Foreign Currency Agreement

This case study reveals the importance of deciding on and making a foreign currency agreement with an international business partner.

When a negotiator embarks on an international agreement with a foreign partner, they have to give serious consideration to which currency is going to be used in their financial transactions. There is a certain amount of risk that a company might have to assume as the negotiators consider whether they are going to issue or receive payments in a foreign denomination. It occasionally happens that between the time when a contract is signed, and when payment begins to flow, the currency of the foreign partner’s company could either increase or decrease dramatically. Any company that handles foreign currency faces the hazard of paying more or receiving less than it projected. The risk increases proportionately in relation to the duration or longevity of the contract agreement.

The value of any country’s currency typically depends on supply and demand. Any currency is affected by various factors. This includes the rate of inflation, economic growth, the internal political stability of the country, and interest rates, just to name a few. Many newer countries use their central banks to allow their currency to rise and fall within a narrow band, and may peg their currency’s value to a leading international currency such as the Euro, or British Pound.

Back in the 1980’s a small U.S. company signed a long term agreement with a Japanese manufacturer to purchase a brand of adhesive that was much cheaper than could be obtained in the U.S. The Japanese negotiating team was adamant that they were to be paid in Japanese yen. The American company, eager to lock in this cheap supply of this particular adhesive, agreed. This meant that the U.S. company would now assume any risk in currency fluctuation for the Japanese yen.

At the time the agreement was signed the value ratio between the yen and the U.S. greenback was 185 yen to $1.00 U.S. dollar. For awhile the U.S. company prospered even more as the exchange rate fell from 250 yen to $1.00 U.S. It was looking like a really good bargain. Unfortunately, the tide shifted the other way and by 1988, the yen was valued at 140 yen to $1.00 U.S., much to the dismay of the U.S. company.

Needless to say, the U.S. company began to lose money and this jammed the company into being caught between the proverbial ‘rock and the hard place’. The U.S. company faced the additional burden in that they were facing such stiff competition from their competitors that they had no latitude to increase their prices. The agreement did not include any provisions to renegotiate the contract if faced with such a dramatic shift in the value of the rate of currency either, which was another serious drawback.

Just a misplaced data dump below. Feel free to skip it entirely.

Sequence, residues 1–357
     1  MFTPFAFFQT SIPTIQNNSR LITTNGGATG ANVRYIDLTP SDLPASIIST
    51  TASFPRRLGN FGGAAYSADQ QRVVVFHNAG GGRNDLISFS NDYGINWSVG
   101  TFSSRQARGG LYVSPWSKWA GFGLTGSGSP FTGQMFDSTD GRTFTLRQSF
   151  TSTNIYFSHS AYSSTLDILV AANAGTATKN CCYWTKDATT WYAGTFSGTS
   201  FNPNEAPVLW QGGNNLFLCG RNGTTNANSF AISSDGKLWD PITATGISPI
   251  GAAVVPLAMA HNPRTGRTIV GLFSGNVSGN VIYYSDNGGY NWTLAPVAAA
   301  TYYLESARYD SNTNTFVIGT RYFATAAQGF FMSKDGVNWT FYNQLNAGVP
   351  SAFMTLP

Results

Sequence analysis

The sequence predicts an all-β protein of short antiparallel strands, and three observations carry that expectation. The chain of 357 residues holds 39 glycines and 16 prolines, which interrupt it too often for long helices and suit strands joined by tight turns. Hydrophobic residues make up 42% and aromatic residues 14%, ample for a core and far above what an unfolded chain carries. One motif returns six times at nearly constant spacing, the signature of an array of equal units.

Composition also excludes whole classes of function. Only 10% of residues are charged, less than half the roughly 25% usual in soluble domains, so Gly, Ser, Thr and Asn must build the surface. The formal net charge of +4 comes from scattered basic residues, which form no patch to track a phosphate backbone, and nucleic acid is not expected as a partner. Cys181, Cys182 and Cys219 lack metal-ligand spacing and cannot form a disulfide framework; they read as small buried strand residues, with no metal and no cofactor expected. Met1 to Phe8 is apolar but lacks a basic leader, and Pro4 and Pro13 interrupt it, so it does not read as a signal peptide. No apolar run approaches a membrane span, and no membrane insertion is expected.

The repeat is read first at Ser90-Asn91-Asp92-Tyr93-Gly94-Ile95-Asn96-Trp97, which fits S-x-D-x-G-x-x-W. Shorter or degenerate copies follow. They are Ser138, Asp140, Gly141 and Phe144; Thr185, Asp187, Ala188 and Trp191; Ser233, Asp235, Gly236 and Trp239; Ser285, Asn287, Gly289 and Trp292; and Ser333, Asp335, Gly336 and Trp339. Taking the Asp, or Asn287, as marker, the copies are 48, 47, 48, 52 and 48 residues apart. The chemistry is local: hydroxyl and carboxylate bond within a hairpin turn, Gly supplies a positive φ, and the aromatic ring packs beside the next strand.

A negotiator who conducts an international negotiation has 4 choices to make regarding foreign currency when concluding an international joint venture. 1) They can both share the risk. 2) The foreign partner assumes the risk. 3) Your side assumes the risk. 4) One or both parties stipulate in the contract that the currency denomination is an area open to renegotiation, allowing for a certain percentage of rate fluctuation to occur.

Always remember that the longer the lifespan of the agreement - the greater the risk.

 

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1 of 2 people found the following comment useful:

Best Currency Rate - 2010 Jun 7
Commentator: cristina (United States - New York)

"his is a wonderful opinion. The things mentioned are unanimous and
needs to be appreciated by everyone."

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8 of 9 people found the following comment useful:

choosing the right currency - 2008 Jun 24
Commentator: Dr. Piotr Jednaszewski (United Kingdom)

"Good article, however at the very beginning we should be aware of the currency to be established in the agreement. And that also depends on the governing law of the country. Then all settlements shall be done for instance in Swiss Francs and recalculated into the local currency. Again the law of the country and the tax policy can have a strong influence on negotiators on the other side."

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This page's contents may be re-published in full or part - we ask only that you include an honest html link back to this site, preferably to our home or www.negotiations.com/training/ page.

 
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